California is putting communities downstream in danger of flooding with the way it runs the now-crippled Oroville Dam, mayors and county leaders wrote this week in a strongly worded letter to Gov. Jerry Brown.
The letter — signed by the mayors of Oroville and six other communities downstream, county leaders, state lawmakers and others — comes in the wake of a February spillway emergency at the dam that forced the evacuation of 188,000 people.
That ongoing emergency “dramatically highlights the fact that those who suffer the greatest consequences from dam malfunction or failure have little or no say in the construction, operation or maintenance of that structure,” said the letter, also signed by members of local chambers of commerce and other community groups downstream.
Asked Tuesday for comment, the governor’s office and state Department of Water Resources, which operates the dam, cited steps the state was taking to keep the public informed on the battered dam, and the number of other agencies the state was working with as it repaired the damage.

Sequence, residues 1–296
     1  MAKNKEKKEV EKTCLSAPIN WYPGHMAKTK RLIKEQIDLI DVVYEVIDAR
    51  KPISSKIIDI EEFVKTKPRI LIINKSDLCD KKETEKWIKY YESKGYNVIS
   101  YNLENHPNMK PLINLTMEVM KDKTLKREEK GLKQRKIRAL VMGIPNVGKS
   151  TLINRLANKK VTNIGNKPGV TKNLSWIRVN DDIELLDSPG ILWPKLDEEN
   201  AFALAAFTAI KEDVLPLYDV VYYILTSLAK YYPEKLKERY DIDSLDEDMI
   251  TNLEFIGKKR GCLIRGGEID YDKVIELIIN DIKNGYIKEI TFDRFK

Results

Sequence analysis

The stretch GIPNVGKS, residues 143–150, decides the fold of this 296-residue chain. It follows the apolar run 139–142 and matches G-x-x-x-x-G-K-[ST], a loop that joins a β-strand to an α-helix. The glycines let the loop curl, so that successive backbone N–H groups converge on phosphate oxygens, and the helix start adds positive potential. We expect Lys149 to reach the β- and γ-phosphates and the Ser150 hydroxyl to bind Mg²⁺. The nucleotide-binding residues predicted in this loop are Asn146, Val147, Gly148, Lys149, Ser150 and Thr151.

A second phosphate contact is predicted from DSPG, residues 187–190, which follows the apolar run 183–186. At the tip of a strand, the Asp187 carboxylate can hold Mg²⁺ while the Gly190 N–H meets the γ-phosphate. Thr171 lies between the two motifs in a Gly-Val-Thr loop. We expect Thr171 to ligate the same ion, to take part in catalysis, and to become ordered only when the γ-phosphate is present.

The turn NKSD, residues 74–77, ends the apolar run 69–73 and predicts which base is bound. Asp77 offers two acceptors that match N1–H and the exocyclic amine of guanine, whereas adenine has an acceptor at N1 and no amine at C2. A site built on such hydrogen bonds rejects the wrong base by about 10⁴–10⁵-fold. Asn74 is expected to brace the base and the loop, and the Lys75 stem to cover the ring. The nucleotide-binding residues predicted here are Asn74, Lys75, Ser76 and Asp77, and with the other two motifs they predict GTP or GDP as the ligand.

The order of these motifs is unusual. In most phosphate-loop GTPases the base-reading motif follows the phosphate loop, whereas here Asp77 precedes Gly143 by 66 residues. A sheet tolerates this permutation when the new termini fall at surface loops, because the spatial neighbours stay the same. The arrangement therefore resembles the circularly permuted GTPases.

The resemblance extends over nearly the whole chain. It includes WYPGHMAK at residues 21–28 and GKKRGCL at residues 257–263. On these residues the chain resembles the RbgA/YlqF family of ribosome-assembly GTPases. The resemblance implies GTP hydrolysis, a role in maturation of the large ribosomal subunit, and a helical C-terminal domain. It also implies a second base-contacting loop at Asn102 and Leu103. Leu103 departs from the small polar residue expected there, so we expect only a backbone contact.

“Protection of lives and property is our top priority, and our objective is to repair the Oroville spillways by Nov. 1 so we can continue keeping downstream communities safe next winter and every winter thereafter,” the statement said, in a reference to the autumn start of the next rainy season. “We will continue to work with the community and local leaders in addressing their questions and concerns.”
Signers of the letter had delivered it to Brown’s office Monday afternoon, said Nghia Nguyen, a spokeswoman for state Sen. Jim Nielsen (R-Gerber), who signed the letter along with a fellow Republican, Assemblyman James Gallagher from Yuba City.
Oroville Dam is the nation’s tallest dam, and one of the anchors of the state’s water supply system. Both spillways failed at the half-century-old structure in February under unusually heavy rain and snow melt, forcing the two-day evacuation with only an hour’s notice.
Among the strongest accusations in the letter: Local leaders’ conclusion that this winter’s crisis at the dam shows the structure “lacks the reliability to provide adequate flood protection to communities downstream.”
Other points include asking for public discussion of whether operation of the dam should be taken away from the state water agency now running it, for better communication in general from the dam’s operators and consideration of emergency-relief funds for businesses, property owners and others harmed by the dam’s troubles this winter.